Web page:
Often Masonic Lodges declared themselves to be Christian so that the ignorant could be recruited and deceived. Sadly, many of our Founding Fathers who held deeply religious beliefs simultaneously became Freemasons.
Over the next 250 years, the two fundamentally different concepts of God would eventually divide our nation to a breaking point.
No place is this more evident than in our public schools. Freemason Horace Mann, the Father of Public Education, started the first public schools in Boston in the late 1830s. Raised in a Christian home, Mann, a Deist, rejected the idea that individuals needed a Savior and became a Unitarian. He vowed that if given the position of Secretary of Education in Massachusetts, he would open secular public schools in Boston without any Christian influence and supported by tax-payer money. His dream became a reality in the late 1830s. Today our education system is failing as test scores plummet. Diversity, Equity, and Inclusion fill the curriculum. Teachers, unable to teach personal responsibility, endure disruptive classes due to a lack of discipline.
Like our nation, we cannot comingle Deism and Christianity while ignoring that men and women need a relationship with Jesus; if we do, eventually, Deism wins, and our country suffers. Is it possible that the secret to transformation lies in discovering the principalities and powers of Freemasonry that influenced public education at its inception?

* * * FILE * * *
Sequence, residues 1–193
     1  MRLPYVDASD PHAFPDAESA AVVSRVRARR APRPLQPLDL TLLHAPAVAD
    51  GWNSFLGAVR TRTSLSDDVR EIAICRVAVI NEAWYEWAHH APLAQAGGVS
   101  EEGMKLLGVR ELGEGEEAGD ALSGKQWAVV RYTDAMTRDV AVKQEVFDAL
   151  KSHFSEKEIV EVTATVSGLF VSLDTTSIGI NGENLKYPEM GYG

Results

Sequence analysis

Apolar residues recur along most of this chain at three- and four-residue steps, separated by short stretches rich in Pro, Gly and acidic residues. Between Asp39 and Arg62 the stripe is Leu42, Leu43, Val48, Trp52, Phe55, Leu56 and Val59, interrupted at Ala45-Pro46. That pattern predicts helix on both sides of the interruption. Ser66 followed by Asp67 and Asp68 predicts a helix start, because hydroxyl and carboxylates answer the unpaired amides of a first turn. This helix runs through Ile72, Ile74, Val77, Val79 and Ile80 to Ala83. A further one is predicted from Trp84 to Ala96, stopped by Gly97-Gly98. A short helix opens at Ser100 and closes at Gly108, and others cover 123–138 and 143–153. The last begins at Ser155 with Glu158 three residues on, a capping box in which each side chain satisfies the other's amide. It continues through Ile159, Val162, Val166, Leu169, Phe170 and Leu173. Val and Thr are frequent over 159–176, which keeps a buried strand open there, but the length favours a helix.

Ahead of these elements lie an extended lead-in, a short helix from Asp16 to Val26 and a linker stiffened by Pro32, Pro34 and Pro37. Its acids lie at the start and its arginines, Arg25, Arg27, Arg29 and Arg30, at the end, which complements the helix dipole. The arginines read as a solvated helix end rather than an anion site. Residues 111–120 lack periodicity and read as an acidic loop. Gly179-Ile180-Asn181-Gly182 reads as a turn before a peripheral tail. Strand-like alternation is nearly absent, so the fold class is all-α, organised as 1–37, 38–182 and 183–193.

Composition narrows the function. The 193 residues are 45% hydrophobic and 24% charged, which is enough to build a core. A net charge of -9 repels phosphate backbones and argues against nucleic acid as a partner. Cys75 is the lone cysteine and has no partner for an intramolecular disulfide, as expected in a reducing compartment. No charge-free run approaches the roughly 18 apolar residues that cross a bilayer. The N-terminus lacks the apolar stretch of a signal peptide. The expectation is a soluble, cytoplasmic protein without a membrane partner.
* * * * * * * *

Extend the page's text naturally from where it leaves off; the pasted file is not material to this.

The esoteric beliefs of Freemasons should concern Christians, especially intercessors, as the core difference is critical in determining America’s moral and political future.
Historically, Great Awakening revivals deter the spread of Freemasonry, as people who believe in original sin and embrace Jesus as a personal Savior refuse to believe in Deism and reject the preeminence of man’s reasoning above Gods. The First Great Awakening (1720–1740) brought a blow to Freemasonry as Evangelists like George Whitefield traveled through the colonies, encouraging the people to return to the faith of the Puritans. During this time, people of faith rose to challenge to do away with the rationalism of the Enlightenment and the secularization in America caused by Deism and Freemasonry.
As the revival waned and Deism again gained prominence, the Age of Reason rather than the Age of Faith became our norm. If we take a lesson from history, it’s time to pray for a revival in our nation and a return to the simple message of a God who loves us and sent His son to die for our sins.
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Nancy Huff is an educator with a mission to equip believers to pray strategically for the Cultural Mountain of Education. She has authored Taking the Mountain of Education: A Strategic Prayer Guide to Transform America’s Schools. Safety Zone: Scriptural Prayers to Revolutionize Your School, and Decrees for Your School. She leads prayer groups to pray at key educational locations across the U.S. For additional information, go to: https://takingthemountainofeducation.com. Photo Credit: Vlad Kutepov on Unsplash.